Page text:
- the alphabetical form is: a, b, c, d ...
- there are also roman forms, often used in legal documents, like: i, ii, iii, iv ...
Ordinal numbering is always used to label things. So the numbering always starts with "first" or 1st. In mathematical terms, this is called a 1-indexed numbering system, where counting starts at one. This makes sense, because there is no "zeroeth" thing!
And so it is in music. When we label the degrees of a scale
... see more on ordinal counting below and merge
Transposing chords by counting
You can easily transpose chords by counting on your fingers. For simple songs this approach is easy and reliable.
We need to consider at two aspects of a chord name: the root, and the quality (or type).
- The root is capital letter, located at the left side of the chord name ... alternately the root could be a capital letter followed by a chromatic. A chromatic is a sharp or flat symbol.
- The quality is the type of chord, indicated by symbols for triads and extensions, and defined by a specific chord formula which defines the tones in the chord.
When transposing we only alter the root, and leave the chord quality untouched.
When counting intervals we use a 1-indexed ordinal counting. This is a fancy way of saying, you start counting from one, never from zero. Think of it this way, when your order things you count and label them 1st, 2nd, 3rd ... there is no zero-eth thing. The same is true in counting degrees of a scale.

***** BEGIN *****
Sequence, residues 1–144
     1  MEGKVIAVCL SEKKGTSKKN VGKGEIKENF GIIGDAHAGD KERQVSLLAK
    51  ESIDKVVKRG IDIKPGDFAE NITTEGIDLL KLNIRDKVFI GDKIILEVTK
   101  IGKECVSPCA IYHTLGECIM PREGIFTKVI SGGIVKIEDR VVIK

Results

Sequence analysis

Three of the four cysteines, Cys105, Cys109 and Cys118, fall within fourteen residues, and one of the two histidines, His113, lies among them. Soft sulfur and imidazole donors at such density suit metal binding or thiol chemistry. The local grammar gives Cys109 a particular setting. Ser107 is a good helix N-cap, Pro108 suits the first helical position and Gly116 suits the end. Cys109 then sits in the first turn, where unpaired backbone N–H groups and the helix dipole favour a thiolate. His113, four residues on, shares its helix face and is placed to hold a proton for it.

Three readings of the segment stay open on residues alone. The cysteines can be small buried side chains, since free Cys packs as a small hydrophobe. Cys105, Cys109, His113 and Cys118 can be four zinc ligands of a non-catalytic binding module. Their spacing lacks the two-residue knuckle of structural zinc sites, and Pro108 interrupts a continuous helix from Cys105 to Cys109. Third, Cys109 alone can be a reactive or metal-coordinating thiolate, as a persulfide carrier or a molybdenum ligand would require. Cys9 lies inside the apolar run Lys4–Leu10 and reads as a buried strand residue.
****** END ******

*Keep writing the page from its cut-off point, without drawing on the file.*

The first note of a scale is called the 1st degree. So if you want to determine the 5th note of the the A scale, you count A, B, C, D, E as 1st, 2nd, 3rd, 4th, 5th. The common mistake is to unconsciously 'label' A as the zero-eth degree. I notice people doing so like this. They say A, and then count B as 1, C as 2 ... so they mistakenly conclude that the 5th is F.
OK. We're clear, E is the 5th degree of the A scale.
Now here's where it gets tricky. when you count up through the degrees of the scale, you must include some sharps or flats (unless you're in the key of C) Remember we counted up the alphabet A, B, C, D, E? The 3rd degree of the C scale is actually C#, not C natural. How would you know that? You'd know by exposure to music theory. You may understand this if have read music enough that you've memorized the key signatures. But if you have not studied music theory and you don't read music, you'd have to do some calculations based on the to most global rules in music. ???Again we'll leave the calculation tutorial for later and